"We see all these diseases, diabetes, blood pressure, jaundice," he said, sitting with a team of polio vaccinators on a rope-bed in the winter sun. "These are the diseases we see most often here. As far as polio is concerned, I don't think there would have been a single case of polio in our whole neighbourhood. But to treat it, police are being brought here [to force us to take the drops]."
"These questions regarding the polio vaccine are coming about because we have bigger problems than polio in our society, why is the government not solving those?"
It is a tricky problem to resolve, government officials admit.
"We work with the parents … we tell them that we understand that their requests are genuine, but if you go towards a boycott because of this, then you are depriving your children further," said Safdar, the polio programme chief.
Attacks on vaccinators
The polio programme in Pakistan has long been the subject of misinformation and rumours, with many linking it to an unspecified "Western" conspiracy to sterilise or otherwise harm Muslims. Many cite the US Central Intelligence Agency's (CIA) use of a fake vaccination campaign through a Pakistani doctor, Shakil Afridi, to verify the identity of Osama bin Laden before the raid to kill him in 2011 as proof of these theories.
The conspiracy theories do not just result in increased refusals, they also come at a far greater cost. Since 2012, at least 98 people have been killed in attacks on Pakistan's polio vaccination campaigns, according to an Al Jazeera tally.
The latest attack took place on December 18, with two policemen killed while on their way to join a vaccination team in the northern district of Lower Dir.
Out in the streets of Ali Zai, Kainat Mohmand is still trying to convince parents who had earlier refused the vaccine for their children to change their minds. There are no policemen here, despite the attacks in April. "Usually, they look at us with suspicion," she says. "They ask me to clarify things for them, about the vaccine. Many of them get convinced, then."
She smiles, broadly, and adds: "We try to make the impossible, possible."

Pakistan: Government Unable To Prevent Forced Marriages, Conversions Of Minority Women – Analysis

By Sanchita Bhattacharya
A 22-member parliamentary committee on forced conversions was formed by Pakistan Senate and National Assembly on November 21, 2019, to work on legislation to prevent forced conversions and protect rights of minorities in Pakistan.
In recent years, Pakistan has become infamous for enforced disappearances and abductions of people belonging to different ethnicities, sects and gender. The abduction of mostly minor girls belonging to sections of the religious minority has added a completely new dimension to Pakistan’s fractured social structure.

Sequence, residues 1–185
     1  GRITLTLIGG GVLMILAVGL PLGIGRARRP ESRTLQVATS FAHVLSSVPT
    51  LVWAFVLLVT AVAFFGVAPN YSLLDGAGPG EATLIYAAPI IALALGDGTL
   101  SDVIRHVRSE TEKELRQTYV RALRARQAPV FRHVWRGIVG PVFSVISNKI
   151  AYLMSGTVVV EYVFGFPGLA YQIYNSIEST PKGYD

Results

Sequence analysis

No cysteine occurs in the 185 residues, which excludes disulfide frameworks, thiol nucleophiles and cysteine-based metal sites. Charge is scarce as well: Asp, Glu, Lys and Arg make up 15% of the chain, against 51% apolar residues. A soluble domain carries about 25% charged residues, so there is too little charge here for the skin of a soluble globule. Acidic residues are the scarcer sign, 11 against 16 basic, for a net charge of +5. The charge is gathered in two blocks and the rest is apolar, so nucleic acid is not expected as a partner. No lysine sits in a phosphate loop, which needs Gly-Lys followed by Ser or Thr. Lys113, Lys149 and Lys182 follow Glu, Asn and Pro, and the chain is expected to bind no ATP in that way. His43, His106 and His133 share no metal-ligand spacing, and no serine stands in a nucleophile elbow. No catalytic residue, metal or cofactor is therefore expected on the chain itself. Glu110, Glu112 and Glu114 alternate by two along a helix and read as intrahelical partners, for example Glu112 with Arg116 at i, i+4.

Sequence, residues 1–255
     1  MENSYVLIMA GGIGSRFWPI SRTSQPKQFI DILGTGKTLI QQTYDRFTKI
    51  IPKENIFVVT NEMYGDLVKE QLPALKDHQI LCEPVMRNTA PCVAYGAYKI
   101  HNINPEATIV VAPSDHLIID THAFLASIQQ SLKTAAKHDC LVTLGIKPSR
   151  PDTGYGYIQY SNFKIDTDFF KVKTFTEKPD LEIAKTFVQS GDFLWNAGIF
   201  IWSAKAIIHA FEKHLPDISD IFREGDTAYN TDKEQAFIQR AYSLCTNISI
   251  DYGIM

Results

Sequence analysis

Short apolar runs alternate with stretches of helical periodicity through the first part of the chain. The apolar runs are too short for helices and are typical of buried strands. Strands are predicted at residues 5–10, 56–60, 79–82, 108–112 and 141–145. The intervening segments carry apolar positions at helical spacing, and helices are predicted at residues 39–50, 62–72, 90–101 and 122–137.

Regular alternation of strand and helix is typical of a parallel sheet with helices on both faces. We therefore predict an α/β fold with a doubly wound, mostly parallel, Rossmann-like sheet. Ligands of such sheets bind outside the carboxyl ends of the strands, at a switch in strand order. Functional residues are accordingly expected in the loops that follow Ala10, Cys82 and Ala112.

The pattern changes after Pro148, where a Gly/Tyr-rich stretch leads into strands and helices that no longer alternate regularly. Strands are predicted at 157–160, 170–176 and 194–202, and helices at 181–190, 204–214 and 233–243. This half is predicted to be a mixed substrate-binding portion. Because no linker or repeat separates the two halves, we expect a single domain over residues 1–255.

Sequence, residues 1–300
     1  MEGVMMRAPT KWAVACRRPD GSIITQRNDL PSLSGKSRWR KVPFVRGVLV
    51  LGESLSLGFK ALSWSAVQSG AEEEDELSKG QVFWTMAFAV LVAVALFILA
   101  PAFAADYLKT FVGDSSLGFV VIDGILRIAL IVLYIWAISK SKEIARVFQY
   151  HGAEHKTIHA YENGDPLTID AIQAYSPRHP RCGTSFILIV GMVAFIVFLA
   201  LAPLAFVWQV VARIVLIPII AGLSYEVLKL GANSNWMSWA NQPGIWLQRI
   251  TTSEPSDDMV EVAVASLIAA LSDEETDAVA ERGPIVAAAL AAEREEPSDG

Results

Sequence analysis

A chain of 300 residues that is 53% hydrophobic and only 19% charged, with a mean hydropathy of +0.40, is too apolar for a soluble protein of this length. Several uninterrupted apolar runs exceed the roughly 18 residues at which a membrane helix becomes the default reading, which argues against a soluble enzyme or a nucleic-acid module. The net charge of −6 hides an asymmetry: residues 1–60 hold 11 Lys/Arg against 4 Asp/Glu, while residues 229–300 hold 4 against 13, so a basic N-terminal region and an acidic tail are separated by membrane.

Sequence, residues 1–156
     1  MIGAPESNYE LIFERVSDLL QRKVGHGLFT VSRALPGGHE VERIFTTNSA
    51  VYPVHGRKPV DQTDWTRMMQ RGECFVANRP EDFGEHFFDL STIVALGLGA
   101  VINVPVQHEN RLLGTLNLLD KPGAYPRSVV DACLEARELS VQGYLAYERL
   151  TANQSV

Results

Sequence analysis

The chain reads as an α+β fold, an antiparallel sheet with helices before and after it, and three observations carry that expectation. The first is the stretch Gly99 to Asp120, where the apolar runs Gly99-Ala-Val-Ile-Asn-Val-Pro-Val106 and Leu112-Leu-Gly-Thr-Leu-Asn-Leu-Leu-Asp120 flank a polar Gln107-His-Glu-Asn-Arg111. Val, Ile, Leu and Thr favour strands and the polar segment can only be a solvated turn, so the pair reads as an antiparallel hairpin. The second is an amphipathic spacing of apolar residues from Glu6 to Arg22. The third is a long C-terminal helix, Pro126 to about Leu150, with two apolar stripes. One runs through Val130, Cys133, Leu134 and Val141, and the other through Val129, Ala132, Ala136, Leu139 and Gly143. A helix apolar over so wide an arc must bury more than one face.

Forced conversions take place when some sort of violence, physical, emotional and/or psychological, is used to guarantee a religious conversion. Thus, victims of forced conversions are usually abducted and submitted to intimidation or threats and coerced to select between bearing the abuse or converting. Violence is commonly directed not only at the victims, but also used or threatened on their close relations. 
Recent incidents of abduction, followed by forced conversation and marriage include: 14-year old Christian girl, Huma Younus from Karachi was kidnapped, forcibly converted and married to a Muslim man on October 10, 2019. A 19-year-old Sikh girl, who went missing for days, was forcibly converted to Islam and made to marry a Muslim man in Nankana Sahib near Lahore. Also in August, a Hindu girl was abducted and forced to marry a Muslim man in Pakistan’s Sindh Province. She was forcibly converted to Islam after being abducted by a classmate, Babar Aman, along with Mirza Dilawar Baig, a member of Pakistan’s ruling Tehreek-e-Insaf. In March, two minor Hindu sisters Reena and Raveena from near the town of Daharki in Sindh were kidnapped and forced to convert to Islam before being married to Muslim men. 
Pakistan has recently witnessed a large number of cases of abductions and forced conversions and subsequent marriages of girls from minority communities. Finding reliable data on this issue is difficult. However, according to a US-based Sindhi Foundation, over 1000 young Sindhi Hindu girls between the ages of 12 and 28 have been abducted, forcibly married and converted to Islam. A 2015 report by the South Asia Partnership-Pakistan in collaboration with Aurat Foundation found that that at least 1,000 girls are forcibly converted to Islam in Pakistan every year. The report said the conversions take place in the Thar region, particularly in the districts of Tharparkar, Umerkot, Ghotki, Sanghar, Jacobabad and Mirpur Khas. The report also mentioned the nexus of wealthy landlords, extremist religious organisations, weak local courts and an indifferent administration as working together in this forced arrangement.